How to make the transition from dictatorship to democracy
Anyone hoping for spectacular revelations from the archives of the Tunisian secret police will be disappointed by the three-volume study "Révolution tunisienne et défis sécuritaires" (Tunisian Revolution and Security Challenges). But the document with the somewhat unwieldy title is not out to cause a sensation; it is instead a sober and thorough analysis.
Authors Farah Hached and Wahid Ferchichi spent three years preparing the report. The two jurists deliver a comprehensive analysis of the legal framework in Tunisia, along with international comparisons and extensive recommendations for policy-makers. Each of the three volumes examines a different theme: the archives of the dictatorship, the protection of privacy and the Tunisian secret service.
The authors deliberately concentrate on the security sector, because "countries that experienced a radical change but failed to reform their security sector, such as Russia or Iran, have all reverted to authoritarian regimes," explains Farah Hached, head of the Labo' Dmocratique.
"We wrote this book for the generations to come, and for the new Tunisian legislators." It is now up to the latter to create a legal framework so that democracy can become a reality in Tunisia.
Breaking with the dogmas of the Ben Ali regime
"The main question for us was how to make the transition from a dictatorship to a democratic and secure state," says Hached. The authors are thus breaking with the dogma of the former leader Zine El Abidine Ben Ali, who always gave his country and the outside world a black-and-white choice between a dictatorship that would guarantee stability and security or freedom and (Islamist) violence.
Four years after the revolution, Tunisia's situation is now similar to that of the early days of Ben Ali's time in power: he initially promised freedom and democracy, but at the same time, he used the rise of Islamist forces from the ranks of "Ennahda" as a pretext for severely restricting human rights and suppressing all political opposition.
In comparison with 1987, however, the threat no longer comes from "Ennahda" but from radical Islamist terrorists closely allied with IS or al-Qaida. Tunisians currently make up the largest group of foreign fighters in Syria, and in Tunisia itself security forces repeatedly fall victim to attacks.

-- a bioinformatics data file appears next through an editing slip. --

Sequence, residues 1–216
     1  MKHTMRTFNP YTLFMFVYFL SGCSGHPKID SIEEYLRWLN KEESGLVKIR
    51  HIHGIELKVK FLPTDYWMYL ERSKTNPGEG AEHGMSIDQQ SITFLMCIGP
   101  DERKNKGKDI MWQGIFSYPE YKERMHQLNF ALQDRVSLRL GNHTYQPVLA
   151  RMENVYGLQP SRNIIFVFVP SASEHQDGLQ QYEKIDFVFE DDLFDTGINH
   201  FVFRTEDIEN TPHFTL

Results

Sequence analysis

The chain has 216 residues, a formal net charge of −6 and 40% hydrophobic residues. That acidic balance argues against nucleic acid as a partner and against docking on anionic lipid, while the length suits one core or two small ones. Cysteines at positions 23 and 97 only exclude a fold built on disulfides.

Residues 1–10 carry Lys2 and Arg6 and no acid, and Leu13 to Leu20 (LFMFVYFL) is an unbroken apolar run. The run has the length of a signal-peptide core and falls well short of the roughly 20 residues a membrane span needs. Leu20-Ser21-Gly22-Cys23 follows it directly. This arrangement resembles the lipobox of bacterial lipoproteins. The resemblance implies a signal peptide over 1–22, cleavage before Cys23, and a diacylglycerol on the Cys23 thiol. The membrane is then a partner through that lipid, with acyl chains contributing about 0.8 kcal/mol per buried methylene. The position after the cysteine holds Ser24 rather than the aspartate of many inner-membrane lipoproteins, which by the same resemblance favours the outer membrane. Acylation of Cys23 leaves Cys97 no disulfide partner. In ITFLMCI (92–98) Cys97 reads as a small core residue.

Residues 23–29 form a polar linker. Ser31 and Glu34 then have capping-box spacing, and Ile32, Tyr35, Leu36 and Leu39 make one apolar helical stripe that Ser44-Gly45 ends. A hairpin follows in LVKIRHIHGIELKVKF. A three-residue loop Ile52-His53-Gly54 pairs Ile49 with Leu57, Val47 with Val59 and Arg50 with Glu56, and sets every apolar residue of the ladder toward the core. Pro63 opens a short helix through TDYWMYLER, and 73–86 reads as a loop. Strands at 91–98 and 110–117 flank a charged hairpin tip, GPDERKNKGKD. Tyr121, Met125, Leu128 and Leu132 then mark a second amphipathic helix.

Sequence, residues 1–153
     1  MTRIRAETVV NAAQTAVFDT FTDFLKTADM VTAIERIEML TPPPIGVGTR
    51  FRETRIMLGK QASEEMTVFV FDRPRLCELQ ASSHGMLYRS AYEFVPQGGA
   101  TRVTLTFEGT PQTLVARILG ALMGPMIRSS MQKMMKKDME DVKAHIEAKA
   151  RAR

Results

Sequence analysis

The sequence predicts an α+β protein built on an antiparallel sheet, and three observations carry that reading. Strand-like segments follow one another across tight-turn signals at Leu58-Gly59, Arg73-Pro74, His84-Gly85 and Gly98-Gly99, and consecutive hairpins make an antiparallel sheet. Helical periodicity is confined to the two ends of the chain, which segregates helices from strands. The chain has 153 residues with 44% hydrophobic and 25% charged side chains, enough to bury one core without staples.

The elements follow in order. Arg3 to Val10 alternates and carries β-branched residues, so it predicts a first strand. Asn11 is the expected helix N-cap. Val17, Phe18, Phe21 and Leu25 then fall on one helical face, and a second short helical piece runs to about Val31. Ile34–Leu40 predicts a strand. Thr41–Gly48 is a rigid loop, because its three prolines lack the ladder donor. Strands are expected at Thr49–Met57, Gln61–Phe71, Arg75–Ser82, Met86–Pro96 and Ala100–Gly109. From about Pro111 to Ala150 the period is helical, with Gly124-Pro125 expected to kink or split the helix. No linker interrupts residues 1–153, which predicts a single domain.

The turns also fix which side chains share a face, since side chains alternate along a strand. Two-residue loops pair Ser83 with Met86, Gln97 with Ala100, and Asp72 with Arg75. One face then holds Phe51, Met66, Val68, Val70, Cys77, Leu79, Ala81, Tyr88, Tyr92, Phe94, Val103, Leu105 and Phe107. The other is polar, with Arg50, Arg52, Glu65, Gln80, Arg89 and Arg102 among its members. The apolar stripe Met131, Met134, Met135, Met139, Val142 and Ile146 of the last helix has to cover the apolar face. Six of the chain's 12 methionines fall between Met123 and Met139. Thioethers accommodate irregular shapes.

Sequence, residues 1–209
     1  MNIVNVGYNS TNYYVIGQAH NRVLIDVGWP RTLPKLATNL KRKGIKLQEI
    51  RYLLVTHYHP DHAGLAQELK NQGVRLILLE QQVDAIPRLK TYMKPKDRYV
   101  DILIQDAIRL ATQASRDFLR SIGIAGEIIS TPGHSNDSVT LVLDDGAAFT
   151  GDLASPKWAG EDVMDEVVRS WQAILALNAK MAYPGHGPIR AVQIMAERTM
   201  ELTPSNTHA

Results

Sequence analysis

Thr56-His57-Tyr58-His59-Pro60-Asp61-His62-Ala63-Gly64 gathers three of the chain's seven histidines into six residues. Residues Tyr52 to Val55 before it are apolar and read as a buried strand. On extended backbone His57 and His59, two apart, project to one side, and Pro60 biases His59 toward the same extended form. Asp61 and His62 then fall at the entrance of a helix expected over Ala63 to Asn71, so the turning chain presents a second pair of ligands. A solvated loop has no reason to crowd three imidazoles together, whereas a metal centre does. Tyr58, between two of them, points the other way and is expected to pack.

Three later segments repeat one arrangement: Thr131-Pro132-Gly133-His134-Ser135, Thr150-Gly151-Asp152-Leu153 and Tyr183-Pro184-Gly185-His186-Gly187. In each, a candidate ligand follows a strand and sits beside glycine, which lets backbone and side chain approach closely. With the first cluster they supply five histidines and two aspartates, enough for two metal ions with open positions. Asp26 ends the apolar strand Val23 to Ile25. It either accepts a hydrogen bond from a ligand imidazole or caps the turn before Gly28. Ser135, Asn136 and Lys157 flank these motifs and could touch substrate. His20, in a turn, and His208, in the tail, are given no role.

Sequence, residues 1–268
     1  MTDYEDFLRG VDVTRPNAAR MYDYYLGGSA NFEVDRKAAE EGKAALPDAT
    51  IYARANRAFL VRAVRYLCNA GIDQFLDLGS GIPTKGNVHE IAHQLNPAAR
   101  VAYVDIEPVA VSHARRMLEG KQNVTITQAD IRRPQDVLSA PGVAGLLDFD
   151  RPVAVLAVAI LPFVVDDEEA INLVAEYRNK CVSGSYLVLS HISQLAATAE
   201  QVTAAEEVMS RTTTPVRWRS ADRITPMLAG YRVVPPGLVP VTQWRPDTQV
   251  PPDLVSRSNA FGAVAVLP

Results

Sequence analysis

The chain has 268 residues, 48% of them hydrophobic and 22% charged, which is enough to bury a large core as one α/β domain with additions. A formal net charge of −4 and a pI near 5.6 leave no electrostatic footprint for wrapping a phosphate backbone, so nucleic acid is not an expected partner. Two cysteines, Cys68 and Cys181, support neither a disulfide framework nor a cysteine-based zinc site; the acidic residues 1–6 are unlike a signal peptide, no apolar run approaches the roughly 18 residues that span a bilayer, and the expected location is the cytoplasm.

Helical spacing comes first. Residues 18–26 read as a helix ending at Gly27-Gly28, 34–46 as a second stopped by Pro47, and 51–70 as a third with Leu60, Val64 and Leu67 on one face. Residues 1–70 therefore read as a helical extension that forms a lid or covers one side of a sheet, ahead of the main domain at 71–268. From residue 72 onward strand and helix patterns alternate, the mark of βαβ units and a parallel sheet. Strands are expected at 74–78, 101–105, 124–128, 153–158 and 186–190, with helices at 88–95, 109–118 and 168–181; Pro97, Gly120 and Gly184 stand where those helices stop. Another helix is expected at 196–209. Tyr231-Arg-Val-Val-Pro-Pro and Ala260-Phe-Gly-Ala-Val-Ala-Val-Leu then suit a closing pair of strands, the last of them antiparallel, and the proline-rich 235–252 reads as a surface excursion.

In the current debate about a new anti-terrorism law in Tunisia, more and more voices are claiming that human rights have no place in the fight against terrorism. These are the voices the authors want to contradict.
"For the past four years, we have been paying the price for the revolt, but that doesn't mean we want to return to the way things were before," explains Hached, granddaughter of the well-known Tunisian trade union leader Farhat Hached and the politician Mahmoud El Materi.
Neither a history of the revolution nor a reappraisal of the dictatorship
The authors devote a great deal of space to the country's legal framework and the reform thereof. The book is neither a history of the revolution nor a reappraisal of the dictatorship. Although the authors repeatedly illustrate their analyses of the legal framework with concrete examples, in particular in the two volumes on the archives and the intelligence services, they are interested primarily in the framework itself. This is because the laws were observed even under the two authoritarian regimes that Tunisia has experienced since independence.
The problem is that the laws themselves were either repressive or were formulated so vaguely that they were left wide open for repressive interpretations. The three volumes of the study offer more than enough food for thought for future reforms. The authors emphasise that a solution must be found as quickly as possible for the police archives. Since the uprisings on 14 January 2011, part of the archives have been destroyed, another part has been consigned to the national archives, and yet another is still lying around the presidential palace without any clear regulations that clarify who has access and to what extent.
Fear of the return of censorship
Equally vague to this day are the details of the organised spying on Internet users under Ben Ali. Moreover, the establishment of a new telecommunications agency after the revolution is now fuelling Tunisians' fear of a return of censorship in the country.
With regard to the intelligence services, Hached and Ferchichi primarily call for stronger monitoring and control. Although internal supervision is provided for on paper, decisions were in the past made de facto directly by the president. The authors furthermore recommend an additional parliamentary control body. This would be an absolute first for Tunisia.
In addition to the authors' recommendations, the book contains comments by members of civil society and state institutions with whom all three volumes were discussed before publication. This too is a first in post-revolutionary Tunisia. "That the Ministry of the Interior sent us a dozen people to discuss things is in itself a sign of progress," remarks Wahid Ferchichi, laughing. This is one more reason for cautious optimism about the future of the country. But there is still a need to remain vigilant, he warns.
While the public debate on the role of the police, public security and terrorism is often conducted on a very emotional level in Tunisia, the book is refreshingly calm and without political bias – without forfeiting anything of its relevance and incisiveness.
© Qantara.de 2015
Translated from the German by Jennifer Taylor
Farah Hached, Wahid Ferchichi (eds.): "Révolution tunisienne et défis sécuritaires" (3 volumes), Editions Mohamed Ali, 2014; currently available only in French and Arabic